“The depth, breadth, innovation and creative risks taken by this channel are to be applauded”

British Historys Biggest Fibs With Lucy Worsely

Keith Richards, Don Letts, Lucy Worsley and Peter Snow all helped BBC Four retain its crown as Best Factual Channel in the UK.

Richards, who teamed up with Julian Temple to take over the channel for an entire Lost Weekend, Letts’ 7 Wonder-produced doc The Story Of Skinhead, British History’s Biggest Fibs with Lucy Worsley and Snow’s Trainspotting Live were proof of the channel’s breadth of content.

BBC Four remained the UK’s highestrated digital factual channel, with docs such as Inside Porton Down: Britain’s Secret Weapons Research Facility and slow TV show All Aboard: The Country Bus smashing their slot averages.

Other titles including Booze, Beans & Bhajis: The Story Of The Corner Shop, Black Nurses: The Women Who Saved The NHS and The Hip Hop World News all helped BBC Four achieve the largest increase in BAME audience of any BBC channel.

The judges applauded the channel, run by Cassian Harrison, as a “unique force” in British broadcasting with a “brilliantly eclectic mix of content”.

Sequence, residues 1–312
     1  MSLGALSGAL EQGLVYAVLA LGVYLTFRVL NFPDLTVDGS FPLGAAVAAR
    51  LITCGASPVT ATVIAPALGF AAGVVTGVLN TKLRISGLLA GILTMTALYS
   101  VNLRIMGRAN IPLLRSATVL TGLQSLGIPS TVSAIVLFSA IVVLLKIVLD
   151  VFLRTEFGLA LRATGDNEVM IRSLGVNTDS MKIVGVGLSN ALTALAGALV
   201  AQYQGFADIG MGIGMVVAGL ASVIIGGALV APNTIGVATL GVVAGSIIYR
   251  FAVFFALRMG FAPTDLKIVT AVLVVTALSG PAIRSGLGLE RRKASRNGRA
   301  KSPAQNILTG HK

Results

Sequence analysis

One said it was a “creative mix of well curated content that is bespoke for channel and audience”, while another
added: “The depth, breadth, innovation and creative risks taken by this channel are to be applauded.”



Two originations - North One’s Ronnie O’Sullivan’s American Hustle and Woodcut Media’s Football: A Brief History By Alfie Allen - helped the A+E Networks-owned channel double its primetime average and increase its total pay-TV share by 6%.

US formats Forged In Fire, Curse Of Oak Island, Ozzy And Jack’s World Detour and the return of Hunting Hitler all boosted the channel.


A wave of original commissions, including Martin Clunes: Riding Therapy, reality horse-riding competition Blue Chip All Star Academy and The All Star Diaries built on the success of Rudall Rides With… to ensure that the specialist channel remained the largest equestrian medium in the UK.


The 21st Century Fox-owned broadcaster moved into the world of premium programming last year with shows that fi t its ‘fewer, bigger, better’ tagline.

Mars, a drama-documentary from Hollywood directors Ron Howard and Brian Grazer, was the channel’s most watched show in the UK with more than 1 million people tuning in to at least one episode.